Former Bosnian Serb leader Radovan Karadzic to spend the rest of his life in jail for genocide and war crimes, UN tribunal rules, increasing his original sentence of 40 years.

Former Bosnian Serb leader Radovan Karadzic (R) appears before the Appeals Chamber of the International Residual Mechanism for Criminal Tribunals (
Former Bosnian Serb leader Radovan Karadzic (R) appears before the Appeals Chamber of the International Residual Mechanism for Criminal Tribunals ("Mechanism") ruling on a appeal of his 40 year sentence for war crimes in The Hague, Netherlands, March 20, 2019. (Reuters)

United Nations appeals judges on Wednesday upheld the convictions of former Bosnian Serb leader Radovan Karadzic for genocide, war crimes and crimes against humanity and increased his sentence from 40 years to life imprisonment.

Karadzic showed almost no reaction as presiding judge Vagn Joensen of Denmark read out a damning judgment that means the 73-year-old former Bosnian strongman will spend the rest of his life behind bars.

Joensen said the trial chamber was wrong to impose just a 40-year sentence given what he called the "sheer scale and systematic cruelty" of his crimes.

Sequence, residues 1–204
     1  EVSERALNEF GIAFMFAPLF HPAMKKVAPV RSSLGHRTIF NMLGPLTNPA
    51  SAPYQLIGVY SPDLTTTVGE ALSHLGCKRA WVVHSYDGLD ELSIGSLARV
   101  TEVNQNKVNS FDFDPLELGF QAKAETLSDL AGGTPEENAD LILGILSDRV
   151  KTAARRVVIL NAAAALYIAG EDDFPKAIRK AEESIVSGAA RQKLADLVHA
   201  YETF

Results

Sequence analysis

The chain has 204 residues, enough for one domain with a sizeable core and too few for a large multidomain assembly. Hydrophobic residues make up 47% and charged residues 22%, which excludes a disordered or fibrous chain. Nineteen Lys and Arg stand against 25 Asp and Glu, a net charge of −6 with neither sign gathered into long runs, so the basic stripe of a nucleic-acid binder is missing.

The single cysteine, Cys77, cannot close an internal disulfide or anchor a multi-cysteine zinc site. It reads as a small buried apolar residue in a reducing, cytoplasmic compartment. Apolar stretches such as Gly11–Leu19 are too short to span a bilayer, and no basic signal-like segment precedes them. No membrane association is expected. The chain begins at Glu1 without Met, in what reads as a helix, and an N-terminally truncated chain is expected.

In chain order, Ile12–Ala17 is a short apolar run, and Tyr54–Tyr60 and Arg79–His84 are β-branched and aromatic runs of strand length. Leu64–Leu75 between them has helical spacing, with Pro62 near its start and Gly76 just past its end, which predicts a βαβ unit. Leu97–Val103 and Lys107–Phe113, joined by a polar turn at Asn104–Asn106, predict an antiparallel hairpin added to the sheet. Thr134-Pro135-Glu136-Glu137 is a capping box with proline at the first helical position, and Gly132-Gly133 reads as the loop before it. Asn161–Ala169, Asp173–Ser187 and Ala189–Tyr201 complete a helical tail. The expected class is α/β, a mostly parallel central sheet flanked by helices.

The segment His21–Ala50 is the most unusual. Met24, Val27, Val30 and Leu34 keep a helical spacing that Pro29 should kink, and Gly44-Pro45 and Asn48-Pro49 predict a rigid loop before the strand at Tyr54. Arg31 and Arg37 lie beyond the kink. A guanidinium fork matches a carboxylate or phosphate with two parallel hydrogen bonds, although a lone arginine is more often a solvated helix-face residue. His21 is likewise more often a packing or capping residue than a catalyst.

Applause broke out in the public gallery as Joensen passed the new sentence.

Separately, the judges rejected a prosecution appeal against Karadzic's acquittal on a second count of genocide in the same war.

TRT World's Francis Collings reports from the Hague. 

Bosnians watch ruling

Dozens of survivors and relatives of the victims from Bosnia's 1992-95 war gathered to watch the broadcast of the final ruling.

A screen was set up in the memorial centre in Srebrenica, where Bosnian Serb troops killed some 8,000 Muslim men and boys in 1995, in what international courts say was genocide.

Karadzic had appealed his 2016 conviction on genocide charges and a 40-year prison sentence.

TRT World's Francis Collings sheds light on the role of Radovan Karadzic in the Balkans war.

Survivors and Bosnian citizens also gathered in the capital, Sarajevo, to watch the delayed broadcast from the Netherlands.

Karadzic, 73, was convicted in 2016 for the July 1995 Srebrenica massacre of more than 8,000 Muslim men and boys by Bosnian Serb forces. 

He was also found guilty of leading a campaign of ethnic cleansing that drove Croats and Muslims out of Serb-claimed areas of Bosnia.

Order can't be challenged 

The ruling, which is final and cannot be challenged on appeal, will have huge resonance in the former Yugoslavia, especially in Bosnia, where ethnic communities remain divided and Karadzic is still seen as a hero by many Bosnian Serbs.

In hiding for nearly a decade, Karadzic was arrested and handed over to the court in July 2008. 

The ruling will likely bring to a close one of the highest profile trials stemming from the series of wars in the 1990s that saw the bloody collapse of the former Yugoslavia and death of at least 100,000 Bosnians.

Source: TRTWorld and agencies